Absolutely not – or it would have been a perfect case of putting the cart before the horse. Not even the UN could plan for a Palestinian state before there were a Palestinian people to govern it. They, if you attend the class of 68, were still a year away from being born.

So it was that the UN took it for granted that territories evacuated by Israel would be returned to their pre-1967 Arab occupiers: Egypt and Jordan. UN resolution 242 spoke of the need “for achieving a just settlement of the refugee problem” – not the Palestinian problem, mind. Who were the problem refugees? The Palestinian Arabs certainly, but also the larger group of 850 000 Jews expelled from Arab states during and after the 1948 war.

The entire international community saw it the UN’s way. Western democracies rejected the idea of Palestinian nationhood; so did the great Arab-supporting Soviets, and even the Arab world recoiled at the idea of nationhood. Professor Efraim Karsh of Kings College, London relates how the Hashemite rulers of Jordan viewed an independent Palestinian state as a mortal threat to their own kingdom, while the Saudis saw it as a potential source of extremism and instability. Pan-Arab nationalists were as adamantly opposed, having their own designs on the region. In 1974, Syrian President Hafez al Assad openly referred to Palestine as “not only a part of the Arab homeland but a basic part of southern Syria.” 

What of the Palestinians themselves?  If no one else saw them that way, surely they were convinced of their distinctive identity? Not one bit of it. Yasser Arafat, the symbol, hero and embodiment of the Palestinian people was by ironic twist, the living proof that there was no nation by that name. Arafat, of course, was an Egyptian national, Cairo-born, four decades before the Palestinian people entered the record books. And don’t look to the leader before Arafat, PLO Chairman, Ahmed Shukeiry, who was a Saudi national.

But for a really fine history master few can beat Zahir Muhsein, one-time head of the PLO Military Department and member of the PLO Executive Committee:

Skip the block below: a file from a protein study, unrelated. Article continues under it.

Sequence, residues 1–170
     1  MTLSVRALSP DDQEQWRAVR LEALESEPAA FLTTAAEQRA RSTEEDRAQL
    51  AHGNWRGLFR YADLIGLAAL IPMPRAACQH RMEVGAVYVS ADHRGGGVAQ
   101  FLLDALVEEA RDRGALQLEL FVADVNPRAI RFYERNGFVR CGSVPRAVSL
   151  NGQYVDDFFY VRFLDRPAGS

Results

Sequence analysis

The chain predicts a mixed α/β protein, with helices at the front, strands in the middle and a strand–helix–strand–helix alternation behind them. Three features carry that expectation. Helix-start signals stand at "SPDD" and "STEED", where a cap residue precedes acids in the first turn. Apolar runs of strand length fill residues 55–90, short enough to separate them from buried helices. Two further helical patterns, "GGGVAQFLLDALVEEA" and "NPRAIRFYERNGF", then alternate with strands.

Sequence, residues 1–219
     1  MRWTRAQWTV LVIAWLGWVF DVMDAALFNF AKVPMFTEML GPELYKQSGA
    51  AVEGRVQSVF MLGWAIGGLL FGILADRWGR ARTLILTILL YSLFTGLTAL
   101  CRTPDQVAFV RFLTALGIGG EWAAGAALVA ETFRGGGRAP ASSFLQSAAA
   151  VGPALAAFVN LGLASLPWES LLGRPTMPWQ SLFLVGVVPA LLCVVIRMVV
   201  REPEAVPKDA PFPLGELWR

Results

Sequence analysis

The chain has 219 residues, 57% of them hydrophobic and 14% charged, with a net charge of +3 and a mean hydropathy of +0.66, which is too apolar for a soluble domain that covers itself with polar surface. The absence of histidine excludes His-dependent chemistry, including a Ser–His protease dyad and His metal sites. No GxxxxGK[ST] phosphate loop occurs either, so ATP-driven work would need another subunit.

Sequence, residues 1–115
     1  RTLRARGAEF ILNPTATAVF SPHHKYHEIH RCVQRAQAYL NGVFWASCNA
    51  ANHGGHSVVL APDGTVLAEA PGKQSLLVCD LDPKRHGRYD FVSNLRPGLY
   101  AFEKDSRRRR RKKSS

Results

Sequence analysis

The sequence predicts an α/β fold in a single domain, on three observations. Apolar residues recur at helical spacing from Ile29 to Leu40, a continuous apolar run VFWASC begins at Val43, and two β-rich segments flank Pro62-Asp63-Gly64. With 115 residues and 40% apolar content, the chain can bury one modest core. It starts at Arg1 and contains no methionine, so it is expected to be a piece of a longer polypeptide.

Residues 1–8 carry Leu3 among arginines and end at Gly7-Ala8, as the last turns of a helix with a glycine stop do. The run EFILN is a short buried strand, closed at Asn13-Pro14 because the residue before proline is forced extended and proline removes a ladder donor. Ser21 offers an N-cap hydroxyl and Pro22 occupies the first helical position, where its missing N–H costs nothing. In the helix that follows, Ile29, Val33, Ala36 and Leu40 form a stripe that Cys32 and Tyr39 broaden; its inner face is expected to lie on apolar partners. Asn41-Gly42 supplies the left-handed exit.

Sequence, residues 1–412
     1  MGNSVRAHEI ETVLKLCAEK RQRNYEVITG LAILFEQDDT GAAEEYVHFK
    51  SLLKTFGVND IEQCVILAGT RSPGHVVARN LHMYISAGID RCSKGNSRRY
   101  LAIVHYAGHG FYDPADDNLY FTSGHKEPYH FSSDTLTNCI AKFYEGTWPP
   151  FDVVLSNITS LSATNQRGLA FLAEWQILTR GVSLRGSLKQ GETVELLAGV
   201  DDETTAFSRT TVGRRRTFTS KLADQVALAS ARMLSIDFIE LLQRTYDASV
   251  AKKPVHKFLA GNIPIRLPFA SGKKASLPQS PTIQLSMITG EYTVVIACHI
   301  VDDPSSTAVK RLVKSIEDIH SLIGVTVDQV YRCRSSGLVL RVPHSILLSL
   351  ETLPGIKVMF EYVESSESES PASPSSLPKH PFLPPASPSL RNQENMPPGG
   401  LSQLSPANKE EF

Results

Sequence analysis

The Palestinian people do not exist. The creation of a Palestinian state is only a means for continuing our struggle against the State of Israel for our Arab unity. In reality, today, there is no difference between Jordanians, Palestinians, Syrians and Lebanese. Only for political and tactical reasons do we speak about the existence of a Palestinian people, since Arab national interests demand that we posit the existence of a distinct Palestinian people to oppose Zionism. For tactical reasons, Jordan – which is a sovereign state with defined borders – cannot raise claims to Haifa and Jaffa. While, as a Palestinian, I can undoubtedly demand Haifa, Jaffa, Beersheba and Jerusalem. However, the moment we reclaim our right to all of Palestine, we will not wait even a minute to unite Palestine and Jordan.  (Amsterdam newspaper, Dagblad de Verdieping Trouw, March 31, 1977)

Have we cause to be surprised? Only if we’d bunked the history class of 48 which Efraim Karsh, diligent once more, attended:

The collapse and dispersion of Palestinian society following the 1948 defeat shattered an always fragile communal fabric, and …prevented the crystallization of a national identity. Host Arab regimes actively colluded in discouraging (it). Upon occupying the West Bank during the 1948 war, King Abdallah had moved quickly to erase all traces of (Palestinian identity.) On April 4, 1950, the territory was formally annexed to Jordan, its residents became Jordanian citizens, and they were increasingly integrated into the kingdom’s economic, political, and social structures. For its part, the Egyptian government showed no desire to annex the Gaza Strip…but ruled it as an occupied military zone.

That Egypt did – keeping Gazan’s under tight control, and denying them Egyptian citizenship.

We in the West who flog the two-state solution may have skipped a history class or three; but it’s highly doubtful the Arabs did.